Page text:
Taylor's Universe — Across the Universe: An Introduction to Taylor's Universe
(Marvel of Beauty , 2015, CD)
by Henry Schneider, 2016-01-25:
Robin Taylor has quite the body of work. Each new album builds on his previous work and adds new elements. And that brings us to the new Taylor’s Universe album, Across the Universe. Rather than compose and record another album of new music, Robin decided to release a selection of what he considers highlights from the Taylor’s Universe catalog, sampling from Kind of Red (2012), Artificial Joy (2009), and Return to Whatever (2009). Across the Universe is not what we have come to think of as a greatest hits release. Instead he recorded altered versions of seven tracks; rearranging, re-recording, remixing, or re-mastering the music. Even though Robin plays most of the instruments (guitar, keyboards, bass, percussion, etc.) the other musicians are basically the same as who played on Kind of Red, but different from the other two albums. Therefore, I am guessing the major alterations were made to the tracks from 2009. The timings between the original tracks and Across the Universe are all different, usually by a handful of seconds, but on “Fame” and “Haunted Yellow House” the differences are minutes. I am only familiar with Kind of Red, so I cannot comment on the musical differences from the other albums. I really cannot tell the difference on “Salon Bleu,” so this song may just be re-mastered. “Firestone” is definitely a remix as the saxophone heard at the beginning is now absent. And “Tortugas” sounds like the bass has been emphasized. So for the Robin Taylor purist you may not be interested in Across the Universe. But for someone unfamiliar with his work, Across the Universe is a great place to start. The music is outstanding.
by Peter Thelen, 2016-01-25:
Interesting concept here. Across The Universe is billed as “An introduction to Taylor’s Universe,” and I would agree that for a band with fourteen full length releases to date, a best-of compilation would be a good thing for listeners just tuning in now. But that’s not what this is, at least not the way it’s usually done. Instead, Robin Taylor and the current version of TU decided to, for whatever reason, re-record seven pieces that originally appeared on the albums Artificial Joy (2009), Return to Whatever (2009), and Kind of Red (2012). The latter album, from which “Salon Bleu,” “Tortugas,” and “Firestone” were culled, was originally recorded with a lean crew of only three instrumentalists, an excellent album for certain, but nonethelss it benefits from the six-piece lineup featured here and some changes in the original arrangements. “Days Run Like Horses,” originally featured on Artificial Joy seems more fluid, experimental and ‘live’ here in its current version. “Fame,” taken from the same album, trades some of its initial heaviness for a more reserved approach ramping up, arriving at that point later in the piece, and trimming several minutes off the near-ten minute original. Several of the same players are featured in this special lineup: drummer Klaus Thrane, saxophonist Jakob Mygind and (of course) Taylor were on the original version, but two new guitarists John Sund and Frank Carvalho (from Etcetera) feature here, as well as synth player Thomas Thor Viderø Ulstrup, who has been with the band on recent releases Evidence and From Scratch. The final two cuts are “Haunted Yellow House,” in a more animated and longer arrangement, and “Mooncake” – both from Return to Whatever. For one who’s never experienced Taylor’s Universe before, this is definitely a great introduction, but for those who have the three original releases, don’t miss out on these excellent alternate arrangements.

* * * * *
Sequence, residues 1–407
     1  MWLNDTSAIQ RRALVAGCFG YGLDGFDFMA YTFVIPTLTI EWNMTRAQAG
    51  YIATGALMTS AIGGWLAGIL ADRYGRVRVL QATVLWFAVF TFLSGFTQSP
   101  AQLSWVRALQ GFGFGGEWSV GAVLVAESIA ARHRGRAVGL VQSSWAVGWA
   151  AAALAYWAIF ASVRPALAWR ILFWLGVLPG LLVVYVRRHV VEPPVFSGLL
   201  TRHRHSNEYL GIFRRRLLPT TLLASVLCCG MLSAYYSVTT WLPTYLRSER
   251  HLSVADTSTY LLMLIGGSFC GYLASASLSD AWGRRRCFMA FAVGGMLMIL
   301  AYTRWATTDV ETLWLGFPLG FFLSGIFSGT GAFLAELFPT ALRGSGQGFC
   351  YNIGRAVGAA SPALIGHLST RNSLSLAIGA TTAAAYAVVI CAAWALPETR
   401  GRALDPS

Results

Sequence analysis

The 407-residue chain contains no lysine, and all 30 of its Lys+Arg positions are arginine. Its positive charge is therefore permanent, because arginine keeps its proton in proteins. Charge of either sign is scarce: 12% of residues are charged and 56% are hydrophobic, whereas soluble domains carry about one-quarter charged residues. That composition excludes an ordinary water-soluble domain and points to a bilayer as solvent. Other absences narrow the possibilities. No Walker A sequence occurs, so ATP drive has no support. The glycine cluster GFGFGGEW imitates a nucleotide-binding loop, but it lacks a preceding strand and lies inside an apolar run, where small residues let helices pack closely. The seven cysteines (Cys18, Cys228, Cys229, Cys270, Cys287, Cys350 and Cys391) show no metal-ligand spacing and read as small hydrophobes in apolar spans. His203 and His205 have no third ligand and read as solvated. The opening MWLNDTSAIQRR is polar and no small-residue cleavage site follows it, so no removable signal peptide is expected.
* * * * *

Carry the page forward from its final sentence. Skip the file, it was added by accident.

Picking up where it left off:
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From the press release:
To Wake a Dream in Moving Water takes from Echo Us' past and spins it into a whole new direction, one closer to traditional acoustic Celtic music than ever before.
To Wake a Dream in Moving Water was composed and recorded during the first few months of 2017. Although Celtic influenced and comprised of a number of re-workings of Irish folk tunes and Breton aires, the album is still in large part new and original Echo Us music that fits right in the Echo Us ‘canon’. “Wake” is a natural progression from “A Priori Memoriae”, which was released to critical acclaim in Europe in 2014.
To Wake a Dream in Moving Water is Echo Us’ ‘Celtic’ album that was planned for a long time but never executed because of the work on the trilogy that came before it. The album title is a typical ‘Echo Us’ play on words which one can find their own meaning.
“It is also both evocative of the Oregon rain, which I am told is not too unlike the rain in Ireland.”(Matthews)
To Wake a Dream in Moving Water is also a comment on conception- which was unintentional when the lyric was written. Matthews surprised himself a few months after writing it, realizing that the song was actually about the nitty gritty, biological workings of what happens when a child is conceived. The folk song it derives from musically describes a courting ritual, one that even today we can all relate to in our own way.
“Come With Me Over the Mountain" in acapella was the musical inspiration for the song, and came into my consciousness after the lyrics were written a few months prior. “ (Matthews)
As with all Echo Us recordings, a number of seeming coincidences resulted in connections being drawn where prior there were none. Another experience of similar capacity was found in oboe samples from A Priori Memoriae that echoed the traditional “May Morning Dew’, also reworked for guitar on the new album.